JS BACH Cantatas Nos 88, 199 & 84
Mein Herze schwimmt im Blut draws on the parable of the Pharisee and the publican but ignores the smugness of the former in favour of the publican’s appeal to God for mercy. Bach composed it in Weimar in 1714; what we have here is a later version for Leipzig, transposed up by a tone and the obbligato in the chorale taken by a violoncello piccolo. The present-day pitch favoured by the Berlin ensemble assists Christine Schäfer in conveying much of the cantata – especially the two breast-beating accompanied recitatives – with a near-manic desperation. The ‘mute sighs’ of the first aria find eloquent expression in Jonathan Kelly’s oboe; though Elizabeth Watts and Katharine Spreckelsen, slower and about a minor third lower, are even more moving. The mood lightens towards the end, the final aria being a gigue to which Schäfer brings a bright-toned joy.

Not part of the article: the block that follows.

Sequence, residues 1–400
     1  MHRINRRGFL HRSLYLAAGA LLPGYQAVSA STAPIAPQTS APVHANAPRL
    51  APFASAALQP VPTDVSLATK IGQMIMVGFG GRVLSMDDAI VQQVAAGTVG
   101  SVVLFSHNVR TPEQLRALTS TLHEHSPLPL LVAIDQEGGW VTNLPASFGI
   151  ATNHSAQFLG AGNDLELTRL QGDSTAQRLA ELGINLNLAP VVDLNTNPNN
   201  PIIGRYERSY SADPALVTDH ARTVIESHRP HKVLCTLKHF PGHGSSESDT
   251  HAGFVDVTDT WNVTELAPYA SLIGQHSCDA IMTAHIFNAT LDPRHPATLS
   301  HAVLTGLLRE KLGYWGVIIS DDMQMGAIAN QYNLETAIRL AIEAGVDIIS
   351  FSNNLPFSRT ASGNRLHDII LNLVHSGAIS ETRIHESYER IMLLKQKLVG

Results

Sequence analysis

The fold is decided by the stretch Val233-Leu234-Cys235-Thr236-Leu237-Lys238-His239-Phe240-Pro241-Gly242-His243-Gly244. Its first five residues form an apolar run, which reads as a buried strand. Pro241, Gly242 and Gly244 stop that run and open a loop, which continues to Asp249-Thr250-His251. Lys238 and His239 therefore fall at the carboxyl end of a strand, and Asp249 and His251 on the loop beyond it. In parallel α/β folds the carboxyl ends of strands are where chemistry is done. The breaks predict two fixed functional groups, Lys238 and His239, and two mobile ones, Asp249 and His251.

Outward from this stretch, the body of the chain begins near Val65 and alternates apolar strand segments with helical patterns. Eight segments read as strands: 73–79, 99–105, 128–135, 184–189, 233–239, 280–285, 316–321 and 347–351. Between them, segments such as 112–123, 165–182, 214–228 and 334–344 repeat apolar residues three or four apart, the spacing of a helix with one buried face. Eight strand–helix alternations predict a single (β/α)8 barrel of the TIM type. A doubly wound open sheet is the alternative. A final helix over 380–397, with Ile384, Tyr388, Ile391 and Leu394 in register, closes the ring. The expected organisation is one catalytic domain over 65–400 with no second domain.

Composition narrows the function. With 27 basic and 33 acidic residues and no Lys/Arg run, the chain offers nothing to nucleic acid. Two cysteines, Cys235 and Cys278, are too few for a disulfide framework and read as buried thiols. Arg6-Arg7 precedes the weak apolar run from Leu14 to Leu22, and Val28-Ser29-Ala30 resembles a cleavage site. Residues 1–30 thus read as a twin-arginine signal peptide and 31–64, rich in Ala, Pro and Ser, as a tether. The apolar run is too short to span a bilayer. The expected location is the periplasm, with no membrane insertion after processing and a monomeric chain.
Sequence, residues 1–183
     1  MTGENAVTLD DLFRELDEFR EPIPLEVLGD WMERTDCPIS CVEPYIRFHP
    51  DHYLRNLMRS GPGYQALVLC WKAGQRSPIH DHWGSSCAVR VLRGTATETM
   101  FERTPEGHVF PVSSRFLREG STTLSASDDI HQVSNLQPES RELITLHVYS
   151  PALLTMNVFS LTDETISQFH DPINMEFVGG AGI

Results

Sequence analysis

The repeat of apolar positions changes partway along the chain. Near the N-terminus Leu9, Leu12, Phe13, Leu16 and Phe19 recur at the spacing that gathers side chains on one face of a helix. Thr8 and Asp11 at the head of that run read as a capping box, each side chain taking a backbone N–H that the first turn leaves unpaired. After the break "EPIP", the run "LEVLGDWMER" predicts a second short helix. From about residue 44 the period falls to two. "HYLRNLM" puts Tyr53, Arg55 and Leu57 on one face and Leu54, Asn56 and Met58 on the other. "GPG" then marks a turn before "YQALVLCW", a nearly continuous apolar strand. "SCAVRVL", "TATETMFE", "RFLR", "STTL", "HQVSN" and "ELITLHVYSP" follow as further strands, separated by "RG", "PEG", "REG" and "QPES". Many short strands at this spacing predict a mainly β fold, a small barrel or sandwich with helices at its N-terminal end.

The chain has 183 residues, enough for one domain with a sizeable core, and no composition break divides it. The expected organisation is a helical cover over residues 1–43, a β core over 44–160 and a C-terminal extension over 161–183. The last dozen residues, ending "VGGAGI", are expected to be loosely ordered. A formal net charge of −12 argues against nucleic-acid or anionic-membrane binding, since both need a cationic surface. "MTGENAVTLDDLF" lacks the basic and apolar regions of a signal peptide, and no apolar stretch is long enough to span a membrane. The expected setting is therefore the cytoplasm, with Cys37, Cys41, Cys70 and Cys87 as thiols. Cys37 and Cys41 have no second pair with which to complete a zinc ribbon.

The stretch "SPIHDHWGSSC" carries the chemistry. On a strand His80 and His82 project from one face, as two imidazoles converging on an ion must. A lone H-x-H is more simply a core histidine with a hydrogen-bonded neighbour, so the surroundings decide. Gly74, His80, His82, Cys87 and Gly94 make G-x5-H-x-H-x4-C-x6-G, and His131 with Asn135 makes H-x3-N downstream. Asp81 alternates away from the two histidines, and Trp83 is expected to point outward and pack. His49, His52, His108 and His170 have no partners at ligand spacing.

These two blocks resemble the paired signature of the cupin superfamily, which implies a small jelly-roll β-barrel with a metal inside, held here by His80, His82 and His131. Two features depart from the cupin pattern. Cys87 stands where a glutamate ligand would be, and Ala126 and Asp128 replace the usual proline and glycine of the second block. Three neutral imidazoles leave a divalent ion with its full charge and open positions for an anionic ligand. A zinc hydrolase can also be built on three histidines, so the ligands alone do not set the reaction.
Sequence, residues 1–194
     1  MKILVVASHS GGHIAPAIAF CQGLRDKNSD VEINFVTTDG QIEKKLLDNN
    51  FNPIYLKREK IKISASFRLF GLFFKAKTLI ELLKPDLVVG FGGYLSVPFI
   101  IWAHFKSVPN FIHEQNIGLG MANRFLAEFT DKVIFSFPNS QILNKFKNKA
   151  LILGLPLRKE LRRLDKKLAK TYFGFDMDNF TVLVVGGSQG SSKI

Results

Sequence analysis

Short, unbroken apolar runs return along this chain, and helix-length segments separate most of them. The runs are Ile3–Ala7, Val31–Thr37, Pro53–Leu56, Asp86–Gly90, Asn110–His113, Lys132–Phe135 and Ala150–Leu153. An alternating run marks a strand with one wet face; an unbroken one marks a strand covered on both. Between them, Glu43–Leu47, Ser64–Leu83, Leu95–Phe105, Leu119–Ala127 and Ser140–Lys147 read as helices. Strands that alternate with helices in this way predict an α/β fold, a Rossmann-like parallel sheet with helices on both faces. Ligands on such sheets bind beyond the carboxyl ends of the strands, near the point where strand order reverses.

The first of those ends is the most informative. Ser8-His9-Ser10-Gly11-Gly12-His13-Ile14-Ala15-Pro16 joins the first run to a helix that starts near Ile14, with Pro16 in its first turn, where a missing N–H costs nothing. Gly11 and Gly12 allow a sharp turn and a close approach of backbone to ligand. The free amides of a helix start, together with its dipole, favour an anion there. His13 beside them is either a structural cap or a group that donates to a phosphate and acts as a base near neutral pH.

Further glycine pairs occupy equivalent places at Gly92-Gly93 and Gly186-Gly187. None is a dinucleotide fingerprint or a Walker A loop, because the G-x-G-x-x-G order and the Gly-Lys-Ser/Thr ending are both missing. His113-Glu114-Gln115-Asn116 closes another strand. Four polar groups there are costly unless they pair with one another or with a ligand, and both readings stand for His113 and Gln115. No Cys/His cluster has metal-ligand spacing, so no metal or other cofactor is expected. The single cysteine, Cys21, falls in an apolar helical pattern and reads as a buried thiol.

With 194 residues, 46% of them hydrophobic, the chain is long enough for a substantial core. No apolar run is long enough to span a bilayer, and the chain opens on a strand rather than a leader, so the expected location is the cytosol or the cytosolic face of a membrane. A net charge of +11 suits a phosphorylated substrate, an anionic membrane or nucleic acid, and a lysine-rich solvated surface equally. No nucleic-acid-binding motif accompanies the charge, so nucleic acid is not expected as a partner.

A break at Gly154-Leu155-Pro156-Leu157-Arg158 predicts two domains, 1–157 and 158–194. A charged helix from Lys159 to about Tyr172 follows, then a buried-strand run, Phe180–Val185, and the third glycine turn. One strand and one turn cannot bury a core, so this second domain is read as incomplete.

The source of Ich bin vergnügt (1727) is the gospel for Septuagesima, the parable of the labourers in the vineyard. The severity of the opening aria, soprano and oboe duetting over a pervasive dotted figure, rather belies the contentment of the words. After a secco recitative, the cheerful ‘Ich esse mit Freuden’ makes a welcome contrast. No complaints there. But, for me, Bach’s soprano version of Ich habe genug, the oboe replaced by a flute, doesn’t come off. Schäfer sings ‘Schlummert ein’ nicely but it pales beside the depth communicated by Shirley-Quirk, Fischer-Dieskau or Hotter. The Dorian Fugue and the six-part Ricercar are beautifully played.